Intuitive surgery is a new technology that must compete with established minimally invasive surgery and open surgery. These procedures are widely accepted in the medical community and in many cases have a long history of use. We also face competition from several companies that are developing new approaches and products for the minimally invasive surgery market. In addition, we may face competition from companies that develop robotic and computer-assisted surgical systems in the future. Our revenues may be reduced or eliminated if our competitors develop and market products that are more effective or less expensive than our products. If we are unable to compete successfully, our revenues will suffer. We may not be able to maintain or improve our competitive position against current or potential competitors, especially those with greater resources. In many cases, the medical conditions that can be treated using our products can also be treated by drugs or other medical devices and procedures. Many of these alternative treatments are also widely accepted in the medical community and have a long history of use. In addition, technological advances could make such treatments more effective or less expensive than using our products, which could render our products obsolete or unmarketable. We cannot be certain that physicians will use our products to replace or supplement established treatments or that our products will be competitive with current or future technologies.

 

IF DEFECTS ARE DISCOVERED IN OUR PRODUCTS, WE MAY INCUR ADDITIONAL UNFORESEEN COSTS, HOSPITALS MAY NOT PURCHASE OUR PRODUCTS AND OUR REPUTATION MAY SUFFER.

 

Our products incorporate mechanical parts and computer software, either of which can contain errors or failures, especially when first introduced. In addition, new products or enhancements may contain undetected errors or performance problems that, despite testing, are discovered only after commercial shipment. Because our products are designed to be used to perform complex surgical procedures, we expect that our customers will have an increased sensitivity to such defects. We cannot assure you that our products will not experience errors or performance problems in the future. If we experience flaws or performance problems, any of the following could occur:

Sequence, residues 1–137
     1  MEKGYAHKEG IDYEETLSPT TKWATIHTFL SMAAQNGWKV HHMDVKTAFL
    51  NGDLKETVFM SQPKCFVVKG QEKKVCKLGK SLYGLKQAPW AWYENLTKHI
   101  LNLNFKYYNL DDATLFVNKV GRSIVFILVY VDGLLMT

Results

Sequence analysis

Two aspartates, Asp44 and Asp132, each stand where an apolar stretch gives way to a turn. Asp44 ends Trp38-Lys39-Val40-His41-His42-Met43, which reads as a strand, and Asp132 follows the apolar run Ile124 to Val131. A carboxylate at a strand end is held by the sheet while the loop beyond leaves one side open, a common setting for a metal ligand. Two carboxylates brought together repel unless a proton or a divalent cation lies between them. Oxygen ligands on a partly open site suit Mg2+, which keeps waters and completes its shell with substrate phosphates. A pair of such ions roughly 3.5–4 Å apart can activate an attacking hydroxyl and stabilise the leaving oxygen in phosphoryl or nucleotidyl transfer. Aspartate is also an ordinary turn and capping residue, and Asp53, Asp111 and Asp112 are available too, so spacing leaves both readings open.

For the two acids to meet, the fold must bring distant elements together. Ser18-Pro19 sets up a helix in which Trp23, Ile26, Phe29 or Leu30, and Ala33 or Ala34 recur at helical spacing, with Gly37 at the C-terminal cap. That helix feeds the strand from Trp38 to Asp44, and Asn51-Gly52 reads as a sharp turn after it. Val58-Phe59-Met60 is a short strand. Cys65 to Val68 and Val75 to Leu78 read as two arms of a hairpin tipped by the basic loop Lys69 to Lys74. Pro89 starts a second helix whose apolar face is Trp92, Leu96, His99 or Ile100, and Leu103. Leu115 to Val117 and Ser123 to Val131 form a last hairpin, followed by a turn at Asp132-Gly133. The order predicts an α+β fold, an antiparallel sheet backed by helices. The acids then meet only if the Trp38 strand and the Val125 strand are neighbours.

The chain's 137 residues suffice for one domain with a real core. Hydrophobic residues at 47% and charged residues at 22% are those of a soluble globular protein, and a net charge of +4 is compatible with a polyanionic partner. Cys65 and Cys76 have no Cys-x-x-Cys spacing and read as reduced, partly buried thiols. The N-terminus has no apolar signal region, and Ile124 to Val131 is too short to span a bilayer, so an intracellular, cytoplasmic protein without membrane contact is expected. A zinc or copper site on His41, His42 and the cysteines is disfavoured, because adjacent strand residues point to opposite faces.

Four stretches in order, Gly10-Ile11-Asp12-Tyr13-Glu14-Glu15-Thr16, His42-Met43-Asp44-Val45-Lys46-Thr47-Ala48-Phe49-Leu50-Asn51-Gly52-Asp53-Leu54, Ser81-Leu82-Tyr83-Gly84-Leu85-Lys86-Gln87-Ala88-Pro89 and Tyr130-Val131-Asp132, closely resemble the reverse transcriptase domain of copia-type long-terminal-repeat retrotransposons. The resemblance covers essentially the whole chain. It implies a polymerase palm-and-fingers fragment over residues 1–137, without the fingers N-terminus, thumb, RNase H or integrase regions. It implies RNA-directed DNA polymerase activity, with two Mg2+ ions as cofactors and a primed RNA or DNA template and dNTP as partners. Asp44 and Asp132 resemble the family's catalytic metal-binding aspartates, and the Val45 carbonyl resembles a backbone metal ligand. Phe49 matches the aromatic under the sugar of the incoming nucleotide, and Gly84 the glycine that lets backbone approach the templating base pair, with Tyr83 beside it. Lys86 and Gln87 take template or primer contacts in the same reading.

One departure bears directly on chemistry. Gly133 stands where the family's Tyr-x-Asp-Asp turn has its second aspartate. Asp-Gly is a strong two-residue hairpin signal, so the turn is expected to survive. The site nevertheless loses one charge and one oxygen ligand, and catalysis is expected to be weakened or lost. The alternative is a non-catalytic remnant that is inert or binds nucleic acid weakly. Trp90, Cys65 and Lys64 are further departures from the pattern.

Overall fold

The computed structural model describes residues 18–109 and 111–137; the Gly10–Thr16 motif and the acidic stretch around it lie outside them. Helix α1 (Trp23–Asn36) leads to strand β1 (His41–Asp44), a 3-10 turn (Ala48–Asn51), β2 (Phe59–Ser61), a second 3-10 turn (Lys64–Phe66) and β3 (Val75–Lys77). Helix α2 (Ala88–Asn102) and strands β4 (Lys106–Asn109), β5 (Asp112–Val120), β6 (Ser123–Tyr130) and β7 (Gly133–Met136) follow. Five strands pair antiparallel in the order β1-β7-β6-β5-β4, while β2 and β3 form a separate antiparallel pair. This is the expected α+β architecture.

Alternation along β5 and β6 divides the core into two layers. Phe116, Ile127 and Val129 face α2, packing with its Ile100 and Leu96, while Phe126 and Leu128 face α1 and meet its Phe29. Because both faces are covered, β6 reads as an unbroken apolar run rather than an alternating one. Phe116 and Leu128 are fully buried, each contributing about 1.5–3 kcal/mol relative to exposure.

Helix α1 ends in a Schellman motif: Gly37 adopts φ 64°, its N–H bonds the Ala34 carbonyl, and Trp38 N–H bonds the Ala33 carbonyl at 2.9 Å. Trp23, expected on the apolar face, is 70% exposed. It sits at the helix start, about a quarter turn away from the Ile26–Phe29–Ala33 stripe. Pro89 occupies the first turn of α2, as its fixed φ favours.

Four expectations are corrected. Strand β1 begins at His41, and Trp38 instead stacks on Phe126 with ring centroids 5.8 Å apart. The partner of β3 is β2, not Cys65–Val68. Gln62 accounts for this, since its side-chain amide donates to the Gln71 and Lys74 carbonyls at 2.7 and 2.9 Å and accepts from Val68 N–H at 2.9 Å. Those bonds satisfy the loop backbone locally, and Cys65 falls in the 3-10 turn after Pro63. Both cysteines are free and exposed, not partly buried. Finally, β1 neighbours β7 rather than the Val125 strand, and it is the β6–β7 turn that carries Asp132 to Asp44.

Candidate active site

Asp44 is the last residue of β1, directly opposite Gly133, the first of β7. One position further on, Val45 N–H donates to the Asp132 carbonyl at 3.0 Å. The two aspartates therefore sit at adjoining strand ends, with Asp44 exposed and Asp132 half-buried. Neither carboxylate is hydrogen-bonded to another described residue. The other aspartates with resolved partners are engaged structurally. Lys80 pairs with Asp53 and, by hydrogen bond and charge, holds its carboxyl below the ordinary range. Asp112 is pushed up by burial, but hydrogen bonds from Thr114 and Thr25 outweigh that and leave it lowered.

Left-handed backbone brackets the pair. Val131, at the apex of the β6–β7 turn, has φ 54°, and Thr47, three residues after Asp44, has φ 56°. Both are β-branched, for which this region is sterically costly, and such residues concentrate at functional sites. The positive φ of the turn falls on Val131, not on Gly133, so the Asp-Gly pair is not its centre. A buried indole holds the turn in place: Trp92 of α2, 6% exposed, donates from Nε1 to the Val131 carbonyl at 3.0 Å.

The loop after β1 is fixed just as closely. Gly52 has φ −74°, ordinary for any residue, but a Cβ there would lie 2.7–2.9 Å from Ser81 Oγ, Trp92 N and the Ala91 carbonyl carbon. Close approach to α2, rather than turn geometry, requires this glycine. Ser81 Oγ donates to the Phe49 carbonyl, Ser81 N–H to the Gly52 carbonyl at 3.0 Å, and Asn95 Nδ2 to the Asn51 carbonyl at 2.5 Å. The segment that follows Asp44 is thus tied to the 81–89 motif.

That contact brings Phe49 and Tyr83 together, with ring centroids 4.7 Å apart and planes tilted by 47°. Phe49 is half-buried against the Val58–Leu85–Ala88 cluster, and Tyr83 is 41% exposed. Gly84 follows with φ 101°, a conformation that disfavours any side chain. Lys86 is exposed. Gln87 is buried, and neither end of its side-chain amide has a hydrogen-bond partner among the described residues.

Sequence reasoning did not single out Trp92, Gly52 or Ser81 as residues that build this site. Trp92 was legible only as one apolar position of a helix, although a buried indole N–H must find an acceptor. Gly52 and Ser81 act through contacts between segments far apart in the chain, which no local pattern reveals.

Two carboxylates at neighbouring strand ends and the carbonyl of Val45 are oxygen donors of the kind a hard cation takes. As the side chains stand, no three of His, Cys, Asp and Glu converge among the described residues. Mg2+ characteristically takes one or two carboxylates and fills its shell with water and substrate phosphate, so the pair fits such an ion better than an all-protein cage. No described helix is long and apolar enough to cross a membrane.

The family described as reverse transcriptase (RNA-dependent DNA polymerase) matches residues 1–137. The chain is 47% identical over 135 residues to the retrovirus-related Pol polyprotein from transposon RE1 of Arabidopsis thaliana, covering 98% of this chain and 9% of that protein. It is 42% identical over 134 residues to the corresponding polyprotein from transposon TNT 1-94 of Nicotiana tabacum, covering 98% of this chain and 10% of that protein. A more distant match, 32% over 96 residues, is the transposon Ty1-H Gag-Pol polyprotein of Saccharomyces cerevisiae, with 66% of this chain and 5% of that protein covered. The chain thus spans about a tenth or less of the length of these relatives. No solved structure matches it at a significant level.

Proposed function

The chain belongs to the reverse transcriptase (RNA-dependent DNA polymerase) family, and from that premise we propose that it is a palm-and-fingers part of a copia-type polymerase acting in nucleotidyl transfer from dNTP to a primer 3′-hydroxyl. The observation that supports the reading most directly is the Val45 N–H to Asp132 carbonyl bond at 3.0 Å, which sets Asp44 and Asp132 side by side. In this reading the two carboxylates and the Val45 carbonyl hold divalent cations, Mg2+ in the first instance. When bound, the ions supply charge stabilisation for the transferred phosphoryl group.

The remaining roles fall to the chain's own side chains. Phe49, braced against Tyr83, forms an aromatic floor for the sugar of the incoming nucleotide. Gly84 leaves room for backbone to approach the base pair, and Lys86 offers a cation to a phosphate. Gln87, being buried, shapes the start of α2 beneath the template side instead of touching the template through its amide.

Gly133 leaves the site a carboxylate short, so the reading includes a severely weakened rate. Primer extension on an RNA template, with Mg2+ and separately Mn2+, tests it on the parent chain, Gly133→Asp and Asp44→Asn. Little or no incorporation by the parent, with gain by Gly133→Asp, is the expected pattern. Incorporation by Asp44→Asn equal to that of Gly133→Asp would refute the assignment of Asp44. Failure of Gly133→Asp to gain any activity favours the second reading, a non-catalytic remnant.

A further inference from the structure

delays in product shipments;

 

  loss of revenue;

 

  delay in market acceptance;

 

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  diversion of our resources;

 

  damage to our reputation;

 

  increased service or warranty costs; or

 

  product liability claims.

 

WE MAY ENCOUNTER MANUFACTURING PROBLEMS OR DELAYS THAT COULD RESULT IN LOST REVENUE.

 

We may encounter difficulties in the production of our products, including:

 

  problems involving production yields;

 

  quality control and assurance;

 

  component supply shortages;

 

  shortages of qualified personnel; and

 

  compliance with state, federal and foreign regulations.

 

Manufacturing our products is a complex process. If demand for our products exceeds our manufacturing capacity, we could develop a substantial backlog of customer orders. If we are unable to establish and maintain larger-scale manufacturing capabilities, our ability to generate revenues will be limited and our reputation in the marketplace would be damaged.

 

IF OUR MANUFACTURING FACILITIES DO NOT CONTINUE TO MEET FEDERAL, STATE OR EUROPEAN MANUFACTURING STANDARDS, WE MAY BE REQUIRED TO TEMPORARILY CEASE ALL OR PART OF OUR MANUFACTURING OPERATIONS, WHICH COULD RESULT IN PRODUCT DELIVERY DELAYS AND LOST REVENUE.